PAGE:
For those who are called to the Sacrament of Matrimony, your vocation is a sign and foretaste of heaven as you learn to look upon each other with love just as you and I look at God and He at us for eternity. Why are there more happiness in simple people who have less than what materialism defines as pleasure and satisfaction? Perhaps when they have little of this world, they recognize that they have what they need, they have in love when they have one another in God. Therefore, marriage on this earth is a constant process of purification, the Way of the Cross, as husbands and wives learn to bear one another’s burdens by carrying each other’s crosses. It is not appealing in our self-centered world, but this is the way of true love as God purify our soul and root our pride through the love of the other. It helps us to realize that our insecurities, hurts, pains, and sufferings, and its wounds can be healed, embraced, and transformed with the love of God. While there is no simple answers and guaranteed formulas, each and every one of our life’s trials has led us to our knees in prayer, trusting in His faithful promise to be with us always. This is our strength, the strength for those who are called to the sacrament, that He has never left our side and will never abandon us. Through it all, we understand that true faithful love comes with the deeper sense of responsibility, commitment, and security through His grace and our heartfelt desire to be like Him, in Him, and with Him every step of the way.

All sacraments are beautiful but they are also demanding. While they deliver the foretaste of heaven, they are at times shocking because they challenge and motivate us to seek real actions to actualize the true potentials of the divine, grace-filled gifts given. If the sacraments are true manifestations of the invisible reality of divine life to the world, the lives of those who received them would need to be changed. For married couples, the Sacrament of Matrimony would change them in a radical way if they open their hearts to allow the grace of God to work in and through them. Hence, their marriage becomes a sanctifying and holy icon of God’s love for one another and for the world. This unity gives testimony to the grace they have received.

When we accept and receive the sacramental grace on the Lord’s term, we allow ourselves to seek holiness and to be sanctified by the people and events that are present in our own lives. It shows forth the true understanding of divine love enlivened through real practice, giving, and sharing of charity. Those who are married and understand that their vocational purpose and mission is to be sanctified by one another then realize that they no longer have to pray for a big miracle so that their spouse could see things their ways. They desire to seek what the Lord wants both of them to do with a clear vision, singular purpose, united mind, and charitable love for each other’s gifts and limitations. Prayers become life-giving as it ceases to become a chore or checklist item. It gives life because it flows from an intense awareness that this is something beyond and much more than what human strengths and desires could ever achieve. This life requires faith that is constantly lived out through personal effort, discipline, and sacrifice.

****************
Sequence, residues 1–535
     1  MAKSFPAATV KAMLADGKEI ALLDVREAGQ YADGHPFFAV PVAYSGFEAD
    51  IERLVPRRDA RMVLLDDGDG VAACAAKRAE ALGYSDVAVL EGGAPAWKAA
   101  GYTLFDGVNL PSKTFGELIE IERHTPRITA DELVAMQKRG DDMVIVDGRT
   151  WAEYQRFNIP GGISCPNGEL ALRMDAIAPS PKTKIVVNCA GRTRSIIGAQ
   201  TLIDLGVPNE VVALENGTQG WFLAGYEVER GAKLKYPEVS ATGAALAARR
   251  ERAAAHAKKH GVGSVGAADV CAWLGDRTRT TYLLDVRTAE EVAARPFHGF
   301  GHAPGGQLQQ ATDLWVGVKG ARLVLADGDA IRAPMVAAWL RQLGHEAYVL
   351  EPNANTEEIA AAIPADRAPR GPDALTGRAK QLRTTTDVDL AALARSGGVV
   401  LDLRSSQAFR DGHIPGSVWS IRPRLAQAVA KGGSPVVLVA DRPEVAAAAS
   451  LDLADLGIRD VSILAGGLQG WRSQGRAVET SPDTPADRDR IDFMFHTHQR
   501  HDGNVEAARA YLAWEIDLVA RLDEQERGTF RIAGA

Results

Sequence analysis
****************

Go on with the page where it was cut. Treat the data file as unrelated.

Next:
Therefore, marriage is much more than a contract, a piece of paper signed by a judge or cleric, a party, beautiful decorations, or something that is done by two people coming together just because they feel like they love each other. It is ultimately the outward sign of the everlasting love of Christ as the spouses choose to lay down their own lives, their wants, and desires, for the sake of the other. Those who seriously discerned, freely chosen, and personally give themselves in matrimony will be changed forever. They understand that their marital union is not meant to be picture-perfect, but it is a blessing to be able to be real, genuine, vulnerable, and transparent with each other in order to love each other beyond one’s flaws and insecurities as to grow in holiness. Love makes every struggle worthwhile, especially when we offer, unite, and reconcile all things for the sake of love!

Too many people want love but they do not know what it is. They desire it but they have not seen it. That is why each and every one of us, when living out our vocation, can point those who are seeking for true love with our own lives. If they can see it in us, they will want it for themselves. It will make each and every one of them, just like those who were seeking the truth throughout time, to seek Christ and find Him. They will not know what they are missing until they see it in the lives of those who believe and dare to love. So, is the Sacrament of Matrimony worth it? My answer would be, “Absolutely!”